Brussels—On 1 December, Transport Ministers from across the European Union’s Member States reached agreement on a new mandate for the European Aviation Safety Agency (EASA). The agreement opens the door for final negotiations among the European Parliament, EU Member States, and the European Commission to agree on a final text. This step followed a 10 November vote in the European Parliament, where Members of the Transport & Tourism Committee overwhelmingly approved to open negotiations with the other EU institutions in order to update EASA’s existing ‘Basic Regulation.’
“All three institutions have now sent a strong signal in favour of modernising the Agency and the European aviation system as a whole,” said Pete Bunce, President and CEO of the General Aviation Manufacturers Association (GAMA). “There is clear political will to ensure a risk-based, proportionate approach guides all future EASA work.
“For general aviation,” Bunce continued, “it is imperative that we have the appropriate level of regulation for each activity, combined with efficient oversight that facilitates the development of new and innovative products. With the Basic Regulation amended so infrequently, we must ensure these concepts are framed correctly for the future.”
All sides have moved in the direction of a future EASA framework that aims to be flexible, with most of the proposals focused on moving from prescriptive to more nimble, lower-level regulations and standards. The proposals also contain clear language on the need for efficient certification and validation procedures, along with new roles for EASA in the areas of oversight, security, research, and beyond.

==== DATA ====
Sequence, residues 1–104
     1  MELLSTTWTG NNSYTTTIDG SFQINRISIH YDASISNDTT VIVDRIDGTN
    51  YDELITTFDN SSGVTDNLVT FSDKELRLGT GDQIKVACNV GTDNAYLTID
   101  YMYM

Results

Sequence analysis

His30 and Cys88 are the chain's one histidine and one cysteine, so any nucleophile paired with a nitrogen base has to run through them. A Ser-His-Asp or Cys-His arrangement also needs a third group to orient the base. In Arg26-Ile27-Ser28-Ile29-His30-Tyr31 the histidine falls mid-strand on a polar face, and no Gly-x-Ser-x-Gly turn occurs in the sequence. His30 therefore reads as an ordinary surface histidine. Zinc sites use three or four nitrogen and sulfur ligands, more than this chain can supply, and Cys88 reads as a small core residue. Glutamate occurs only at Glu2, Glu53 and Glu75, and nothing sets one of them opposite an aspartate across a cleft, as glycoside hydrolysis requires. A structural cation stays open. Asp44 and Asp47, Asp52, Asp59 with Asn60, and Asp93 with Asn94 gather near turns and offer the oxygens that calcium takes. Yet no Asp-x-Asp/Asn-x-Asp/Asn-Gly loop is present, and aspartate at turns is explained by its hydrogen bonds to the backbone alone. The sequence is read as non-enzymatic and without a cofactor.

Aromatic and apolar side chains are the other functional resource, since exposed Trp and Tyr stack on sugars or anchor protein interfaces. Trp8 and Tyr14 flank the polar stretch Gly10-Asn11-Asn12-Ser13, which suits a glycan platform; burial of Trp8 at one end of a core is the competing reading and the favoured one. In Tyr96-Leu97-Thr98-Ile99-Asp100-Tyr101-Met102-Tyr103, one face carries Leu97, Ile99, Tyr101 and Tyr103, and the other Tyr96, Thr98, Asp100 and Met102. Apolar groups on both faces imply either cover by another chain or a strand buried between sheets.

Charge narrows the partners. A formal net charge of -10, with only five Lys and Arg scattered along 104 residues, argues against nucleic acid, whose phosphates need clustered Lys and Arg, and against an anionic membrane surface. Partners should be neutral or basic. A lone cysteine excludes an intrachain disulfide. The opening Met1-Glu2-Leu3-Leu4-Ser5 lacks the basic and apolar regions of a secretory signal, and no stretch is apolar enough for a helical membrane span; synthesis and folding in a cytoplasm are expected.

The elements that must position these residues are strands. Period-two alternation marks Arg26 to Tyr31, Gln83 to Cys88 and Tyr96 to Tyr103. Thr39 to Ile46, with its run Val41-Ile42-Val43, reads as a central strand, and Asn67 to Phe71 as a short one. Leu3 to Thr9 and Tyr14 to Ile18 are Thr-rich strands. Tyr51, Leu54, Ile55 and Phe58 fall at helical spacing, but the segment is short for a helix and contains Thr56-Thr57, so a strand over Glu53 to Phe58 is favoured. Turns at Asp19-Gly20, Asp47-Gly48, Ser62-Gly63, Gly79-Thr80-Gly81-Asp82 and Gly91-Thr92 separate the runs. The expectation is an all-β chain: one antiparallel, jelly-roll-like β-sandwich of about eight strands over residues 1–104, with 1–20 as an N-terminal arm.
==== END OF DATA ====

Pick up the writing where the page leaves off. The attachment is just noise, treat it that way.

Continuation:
“There are many good elements with the current proposals, although we remain convinced that more needs to be done to improve safety analysis of general aviation aircraft across Europe,” Bunce noted. “In this vein, the Parliament has shown itself once again as being committed to addressing one of the most glaring omissions in European safety efforts—the lack of basic aggregate data sharing among EU Member States. We very much hope the Parliament’s desire to improve this situation will be enshrined in the regulation.
“In addition, we strongly support allowing EASA the possibility to become the responsible regulatory authority for companies spread across Member States, through the issuance of pan-European certificates. This is a logical step forward for a pan-European safety agency, and we simply cannot afford to see this option thwarted at the final hurdle by unnecessary obstacles,” concluded Bunce.
The three-way negotiations are expected to begin in 2017, with the Parliament’s delegation led by the lead Member of European Parliament, Mr Marian Marinescu, and the Member States represented by Malta, which will hold the rotating EU Presidency. It is expected that by mid-2017 all parties will agree on a final regulation, which will become law upon publication.
In December 2015, the European Commission published a proposed revision of the existing EASA Basic Regulation (EC) No 216/2008.